Although we all knew he could go, he gave no indication he had made a decision or picked a date. In fact, up until the day before, he was still controlling everything with an iron fist and ensuring we made no decisions without his approval.
Well, now it is my time, and I am doing things a little different. Personally, I am going through all the same issues that everyone facing retirement goes through. I’m not sure I can survive on my pension income. I wonder what I will do every day. I wonder how I will care for my wife and family and how we will get along full time. And of course—worried about having to decide what to wear every day after wearing uniforms for close to 50 years.
What about the fire department? Will it survive after I leave? Have I set it up for success or failure? Do I have deputies and assistants that are trained and qualified? Have I given them the tools to survive? Have I developed long term planning, master planning, and operational planning that is laid out in a format that is useable into the future?
To start with, if the answer to any one of the questions above is yes—then the real answer is no. The entire previous paragraph was written in the first person. I didn’t need to do any of this, but ‘we’ needed to do it all. First, about a year ago I let everyone know that I was ready for retirement and would be leaving in the summer of 2018. I didn’t give an exact date, but that doesn’t matter, everyone knew there was a deadline.
Part of preparing for retirement is to train others in your responsibilities. That doesn’t mean you stop working and download your work to others, it means you give them the opportunity and responsibility and allow them to learn what you do. Our budget process has always been a team project with each of the deputies responsible for the portions in their portfolio. This last year, they developed the portions that were my responsibility and learned how I have done it in the past. The teamwork has ensured that I am replaceable.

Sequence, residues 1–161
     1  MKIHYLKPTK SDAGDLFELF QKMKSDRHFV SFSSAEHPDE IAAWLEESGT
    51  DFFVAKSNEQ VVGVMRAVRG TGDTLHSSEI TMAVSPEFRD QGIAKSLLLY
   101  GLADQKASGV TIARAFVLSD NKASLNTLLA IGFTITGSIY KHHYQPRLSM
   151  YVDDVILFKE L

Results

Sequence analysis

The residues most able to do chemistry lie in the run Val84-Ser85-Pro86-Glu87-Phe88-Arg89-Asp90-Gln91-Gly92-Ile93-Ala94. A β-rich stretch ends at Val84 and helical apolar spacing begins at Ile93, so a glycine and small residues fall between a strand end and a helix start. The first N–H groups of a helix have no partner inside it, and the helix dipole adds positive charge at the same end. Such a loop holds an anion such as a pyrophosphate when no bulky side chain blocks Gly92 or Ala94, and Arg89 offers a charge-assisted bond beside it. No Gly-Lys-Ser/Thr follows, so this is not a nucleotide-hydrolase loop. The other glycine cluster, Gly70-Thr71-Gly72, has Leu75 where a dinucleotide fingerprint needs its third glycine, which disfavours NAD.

Over the past few years, we have developed a succession plan that includes formal education plus opportunities to act in higher positions. This helps ensure that others are ready to move up, not just to the chief’s position but also to deputy chief, or captain, and includes the recruit hiring process. Throughout the past eight years, we have developed a master plan, a succession plan, a business continuity plan, an emergency plan, and other plans and procedures. Although I may have led many of these projects and did a large amount of the work, they were all developed as a team, and are in writing and usable after I leave. They are also very easy to edit, update, and change to meet the needs of a growing, responsive department.
So, what’s in the works for the last six months of my career? I would be thrilled beyond belief to see the transfer to a new chief be done in a seamless manner. I have talked with the City CAO to discuss my replacement process and, hopefully, my successor will be named before I go so I can work with that person to transfer my knowledge. Confidential files will need to be destroyed or handed over to my successor. This is a tough job as some of these files may be of use to my successor, but others were for my use only and will serve no purpose to my successor so I will have to spend time going through them all.
We have started a number of projects I will never see to completion, the main one being the construction of a new fire hall. From day one, this project was a team effort with the deputies and committee members from the firefighters as well as input from all members. My role has been to lead the process and keep it going in the right direction as well as ensuring every possible scenario was open for discussion. The schematic phase is now complete and in January, we will start on the formal construction drawings. I need to ensure the team is following a proper process but they need to make all final decisions. As much as I want to be part of this project, I will never work in the new building so I need to step back and let those that will work in it make the decisions.
Indeed the time has come. I have shared my knowledge and we have built a department and system that will continue to thrive, grow and succeed long after I am gone. It has been a wild ride, we have a great team, and I have loved every minute of it.
Denis Pilon ECFO, has retired after 35 years in the fire service. He served as fire chief in Melville, Weyburn, and Swift Current, Sask., and was an active member of the SAFC, CAFC, and IAFC serving as a director or on various committees in these associations. Denis has been a regular contributor to Fire Fighting in Canada magazine over his career and can be reached by email at
Retirement: What now?
I was sitting at my desk on a Friday morning in January eight years ago, just turning on my computer and getting ready for the day’s work, when the fire chief walked into his office, in civilian clothes, threw his keys on his desk and said “I’m retired”.
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